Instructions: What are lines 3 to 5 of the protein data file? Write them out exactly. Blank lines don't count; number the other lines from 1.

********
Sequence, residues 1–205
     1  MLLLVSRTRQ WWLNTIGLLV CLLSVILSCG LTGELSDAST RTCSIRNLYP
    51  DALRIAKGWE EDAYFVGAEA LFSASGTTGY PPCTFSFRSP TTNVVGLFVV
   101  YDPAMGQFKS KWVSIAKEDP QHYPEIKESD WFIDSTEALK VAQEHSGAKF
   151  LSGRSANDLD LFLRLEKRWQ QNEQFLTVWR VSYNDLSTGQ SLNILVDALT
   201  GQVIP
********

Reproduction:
    51  DALRIAKGWE EDAYFVGAEA LFSASGTTGY PPCTFSFRSP TTNVVGLFVV
   101  YDPAMGQFKS KWVSIAKEDP QHYPEIKESD WFIDSTEALK VAQEHSGAKF
   151  LSGRSANDLD LFLRLEKRWQ QNEQFLTVWR VSYNDLSTGQ SLNILVDALT